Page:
One Small Voice by Santanu Bhattacharya review – meltdown in Mumbai

A young man’s troubled existence mirrors wider social and political turmoil, in this epic yet intimate debut

Three quarters of a century have passed since India’s independence. Now, midnight’s great-grandchildren face a country fractured mentally as much as socially: half democracy, half westernised, half madhouse, half global superpower, where gurus, imams and gyrating TikTok stars vie for the hearts, souls and wallets of hundreds of millions. “You know, the problem with this country is that we believe money will solve everything. It doesn’t,” says a Muslim character in Santanu Bhattacharya’s debut novel, his family victims of religious riots. It may seem trite, but this was indeed the hope that India lived on until the mid-2010s. Yet a rising tide means floating boats no longer. The common people have become cross-tickers at elections, another character says. They are “little specks of dust … They will never be anything more, and there is nothing lesser left for them to be.”

Shubhankar “Shabby” Trivedi is the witness rather than hero of One Small Voice. As a child at a wedding, he watches a mob immolate a young Muslim tailor – “a column of fire with the face of a man on it, flames licking the body” – and is profoundly affected. The novel follows his attempts to outrun the mental and societal forces haunting him, as he moves from the socially conservative northern city of Lucknow to find life and freedom in the cosmopolitan, hard-drinking, dope-smoking, anything-goes fantasyland of mid-2000s Mumbai.

The writing is unshowy, clinical, instinctively humane. India is here in all its senses, Mumbai the focus: “a mad grimy unruly untamed unfazed uncowering beautiful soft blue-green city”, a place of “flogging of flesh, tearing of freshly starched cotton, flying of dust, dragging of bodies, breaking of bones, cracking of glass, shrieks of hatred”, one that surrenders to “postmonsoon stupor, letting its harsh sun go limp, a haze descending to eye level”.

The novel is epic in scope and yet composed of intimate moments, with the sinuous double timeline exploring how the Shubhankar of the 2000s, yearning for freedom beyond the horizons imposed by his parents, becomes the burnt-out, semi-invalid dependant of 2013, victim of a mob attack and a subsequent mental breakdown. Even after the attack, he and his parents play their allotted roles, “angry parent and indignant son”. “Upbringing is all about strictness and discipline. Too much love makes children comfortable,” says Shubhankar’s grandmother, a brilliantly sparky presence. Being a “kaamchor” – workshy – is the worst insult a parent can use.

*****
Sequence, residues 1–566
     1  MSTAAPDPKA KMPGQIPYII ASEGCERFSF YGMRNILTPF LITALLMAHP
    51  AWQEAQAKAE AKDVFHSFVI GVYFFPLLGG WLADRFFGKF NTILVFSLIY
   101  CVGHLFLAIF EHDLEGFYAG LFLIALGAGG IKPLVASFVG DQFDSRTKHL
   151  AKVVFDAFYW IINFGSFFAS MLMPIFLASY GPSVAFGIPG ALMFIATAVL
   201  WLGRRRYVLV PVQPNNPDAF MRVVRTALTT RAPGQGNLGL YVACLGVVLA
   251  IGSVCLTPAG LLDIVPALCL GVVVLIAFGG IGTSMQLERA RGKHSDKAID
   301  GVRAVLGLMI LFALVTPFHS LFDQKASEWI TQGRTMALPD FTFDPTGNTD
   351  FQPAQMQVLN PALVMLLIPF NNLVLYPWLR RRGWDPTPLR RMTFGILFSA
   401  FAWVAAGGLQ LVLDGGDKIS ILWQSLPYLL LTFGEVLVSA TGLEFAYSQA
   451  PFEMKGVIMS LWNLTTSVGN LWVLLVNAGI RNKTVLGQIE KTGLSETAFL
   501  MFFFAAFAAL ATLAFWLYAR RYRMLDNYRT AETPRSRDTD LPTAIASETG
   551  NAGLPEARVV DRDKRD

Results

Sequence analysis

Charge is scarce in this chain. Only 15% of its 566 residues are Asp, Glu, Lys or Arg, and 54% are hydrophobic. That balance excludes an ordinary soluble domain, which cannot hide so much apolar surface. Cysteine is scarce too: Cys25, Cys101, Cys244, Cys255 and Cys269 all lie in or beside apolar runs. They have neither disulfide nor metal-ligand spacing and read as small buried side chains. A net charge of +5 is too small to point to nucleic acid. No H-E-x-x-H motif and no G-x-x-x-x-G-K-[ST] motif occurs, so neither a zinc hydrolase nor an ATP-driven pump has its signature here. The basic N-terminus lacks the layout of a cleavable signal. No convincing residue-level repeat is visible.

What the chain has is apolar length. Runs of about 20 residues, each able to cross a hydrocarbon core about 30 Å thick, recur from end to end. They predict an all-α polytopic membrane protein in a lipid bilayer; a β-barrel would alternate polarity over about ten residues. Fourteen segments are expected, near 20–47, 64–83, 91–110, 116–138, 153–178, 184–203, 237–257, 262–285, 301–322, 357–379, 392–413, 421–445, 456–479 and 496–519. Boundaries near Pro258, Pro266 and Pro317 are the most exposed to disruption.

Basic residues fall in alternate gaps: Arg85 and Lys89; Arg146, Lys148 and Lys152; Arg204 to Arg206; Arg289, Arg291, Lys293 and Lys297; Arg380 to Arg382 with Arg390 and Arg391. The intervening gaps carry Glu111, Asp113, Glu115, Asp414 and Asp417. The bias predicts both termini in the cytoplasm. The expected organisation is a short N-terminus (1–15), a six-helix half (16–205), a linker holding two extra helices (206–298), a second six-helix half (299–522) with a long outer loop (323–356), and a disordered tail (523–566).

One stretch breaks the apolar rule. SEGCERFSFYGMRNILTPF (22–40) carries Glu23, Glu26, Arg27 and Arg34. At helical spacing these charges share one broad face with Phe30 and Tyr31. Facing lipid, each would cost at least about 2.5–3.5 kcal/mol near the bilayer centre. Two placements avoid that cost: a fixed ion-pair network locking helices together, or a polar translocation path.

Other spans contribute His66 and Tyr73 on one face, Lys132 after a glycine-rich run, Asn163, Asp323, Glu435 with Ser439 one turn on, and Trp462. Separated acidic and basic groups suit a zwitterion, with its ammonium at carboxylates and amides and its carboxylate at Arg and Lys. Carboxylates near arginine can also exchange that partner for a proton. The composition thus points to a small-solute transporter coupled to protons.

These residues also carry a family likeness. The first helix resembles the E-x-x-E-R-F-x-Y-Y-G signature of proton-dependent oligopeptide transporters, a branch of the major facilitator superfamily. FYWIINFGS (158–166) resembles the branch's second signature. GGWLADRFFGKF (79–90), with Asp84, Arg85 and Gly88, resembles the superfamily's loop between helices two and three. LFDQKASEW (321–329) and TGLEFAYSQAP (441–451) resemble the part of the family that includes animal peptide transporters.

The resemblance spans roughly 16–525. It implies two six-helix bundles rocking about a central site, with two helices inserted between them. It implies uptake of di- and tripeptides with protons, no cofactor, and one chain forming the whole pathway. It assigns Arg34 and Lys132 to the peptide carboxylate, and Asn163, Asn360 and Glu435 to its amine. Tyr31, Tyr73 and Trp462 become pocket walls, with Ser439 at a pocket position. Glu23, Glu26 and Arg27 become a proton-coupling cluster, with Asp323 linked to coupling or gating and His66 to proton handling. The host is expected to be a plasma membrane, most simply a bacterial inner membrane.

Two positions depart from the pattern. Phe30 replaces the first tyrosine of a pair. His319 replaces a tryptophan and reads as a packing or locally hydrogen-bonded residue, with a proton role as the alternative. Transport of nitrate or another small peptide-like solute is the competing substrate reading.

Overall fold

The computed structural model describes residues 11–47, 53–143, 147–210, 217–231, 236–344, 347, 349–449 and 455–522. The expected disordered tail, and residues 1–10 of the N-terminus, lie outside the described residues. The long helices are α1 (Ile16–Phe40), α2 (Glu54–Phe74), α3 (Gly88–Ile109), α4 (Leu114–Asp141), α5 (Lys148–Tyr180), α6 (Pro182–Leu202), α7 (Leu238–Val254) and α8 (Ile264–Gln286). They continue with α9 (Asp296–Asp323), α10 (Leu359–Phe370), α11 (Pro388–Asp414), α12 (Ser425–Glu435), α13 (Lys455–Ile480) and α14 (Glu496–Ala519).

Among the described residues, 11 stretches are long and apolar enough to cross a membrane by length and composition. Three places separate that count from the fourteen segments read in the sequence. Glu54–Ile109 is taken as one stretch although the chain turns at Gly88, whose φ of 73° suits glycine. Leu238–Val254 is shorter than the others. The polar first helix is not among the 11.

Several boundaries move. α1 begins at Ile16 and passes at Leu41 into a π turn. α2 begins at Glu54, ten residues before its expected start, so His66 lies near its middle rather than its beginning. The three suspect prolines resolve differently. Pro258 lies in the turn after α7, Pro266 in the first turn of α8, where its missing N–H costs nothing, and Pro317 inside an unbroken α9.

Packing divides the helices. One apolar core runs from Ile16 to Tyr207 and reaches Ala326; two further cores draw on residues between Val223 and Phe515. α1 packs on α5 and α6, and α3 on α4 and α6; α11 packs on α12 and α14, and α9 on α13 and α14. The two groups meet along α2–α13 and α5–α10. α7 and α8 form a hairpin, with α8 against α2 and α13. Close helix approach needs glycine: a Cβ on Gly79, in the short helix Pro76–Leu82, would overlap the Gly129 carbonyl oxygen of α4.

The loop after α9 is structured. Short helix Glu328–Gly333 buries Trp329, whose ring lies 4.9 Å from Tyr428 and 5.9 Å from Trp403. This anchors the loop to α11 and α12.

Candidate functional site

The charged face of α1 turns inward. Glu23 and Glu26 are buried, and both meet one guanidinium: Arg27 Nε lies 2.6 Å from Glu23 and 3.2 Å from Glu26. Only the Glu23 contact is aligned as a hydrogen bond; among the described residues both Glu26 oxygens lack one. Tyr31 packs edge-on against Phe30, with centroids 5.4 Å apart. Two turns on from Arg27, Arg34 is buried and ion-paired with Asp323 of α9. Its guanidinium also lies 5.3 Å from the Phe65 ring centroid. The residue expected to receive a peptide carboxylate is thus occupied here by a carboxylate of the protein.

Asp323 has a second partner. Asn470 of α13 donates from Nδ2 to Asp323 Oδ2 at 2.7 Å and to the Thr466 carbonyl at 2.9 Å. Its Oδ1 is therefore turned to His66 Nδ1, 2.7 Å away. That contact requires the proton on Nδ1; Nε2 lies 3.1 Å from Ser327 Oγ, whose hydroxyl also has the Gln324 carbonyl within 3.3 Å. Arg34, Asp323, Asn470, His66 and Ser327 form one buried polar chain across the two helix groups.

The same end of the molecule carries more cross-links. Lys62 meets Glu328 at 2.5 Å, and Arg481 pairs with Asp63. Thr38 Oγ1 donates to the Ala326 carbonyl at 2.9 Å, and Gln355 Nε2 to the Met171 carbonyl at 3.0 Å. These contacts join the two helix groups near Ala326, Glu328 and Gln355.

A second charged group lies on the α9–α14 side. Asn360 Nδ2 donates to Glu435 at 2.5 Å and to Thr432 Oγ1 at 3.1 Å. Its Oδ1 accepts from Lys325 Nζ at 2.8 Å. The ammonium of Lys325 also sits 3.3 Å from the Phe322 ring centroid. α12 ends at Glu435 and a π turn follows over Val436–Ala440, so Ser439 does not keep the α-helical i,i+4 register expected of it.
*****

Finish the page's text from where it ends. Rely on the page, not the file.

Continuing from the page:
The atmosphere is quietly doom‑laden from the outset. Many subcontinental readers will guess that Shubhankar’s attack has something to do with the 2008 Mumbai terrorist attacks. Bhattacharya wrongfoots them. Indian politics has become an all-out race to court the newly globalised, piously Hindu lower middle classes; Shabby’s casual menage a trois with his flatmates Ganjeri, a hippy Muslim who slowly finds his faith, and Shruti, who cannot “laugh with abandon without ten men turning to look”, becomes the Indian interfaith experience in miniature. They begin to tread “on eggshells around each other, looking out for trigger warnings, changing subjects to keep the peace”.

The book is a pointillist, surgically observed portrait of its main character, as he encounters the petty social cruelties and unfulfilled beauty of the 21st-century Indian nation – at work, at home, at parties, on beaches, highways and in the stolen moments that make up his shattered life. The plot is slow-burning, fuelled by rising anxiety, and wonderfully natural, with threads weaving in and out.

Bhattacharya well knows the central problem of 21st-century Indian writing, in which foreign-educated, non-resident graduates tell the stories of people who are “voiceless, lie silent, witnessing their lives being reincarnated on other people’s tongues” – as he refers to the competing explanations of Shubhankar’s breakdown and withdrawal from life. He does succumb at times to the pressure on BAME writers in the west to showcase every inequality, every injustice, every strata of society – if novels had any social currency left at all in India, this one would be dismissed by the government as the work of yet another Oxford-educated “anti-national”. Yet it’s the assured control of the writing that endures, and the hopefulness and yearning for a better future that infuses the latter part of this book. A portrait of both intolerance and forgiveness, growth and letting go, One Small Voice will be one of the best debuts this year.

Rahul Raina’s How to Kidnap the Rich is published by Abacus. One Small Voice by Santanu Bhattacharya is published by Fig Tree (£14.99). To support the Guardian and Observer, order your copy at Delivery charges may apply.

Rahul Raina

The GuardianTramp

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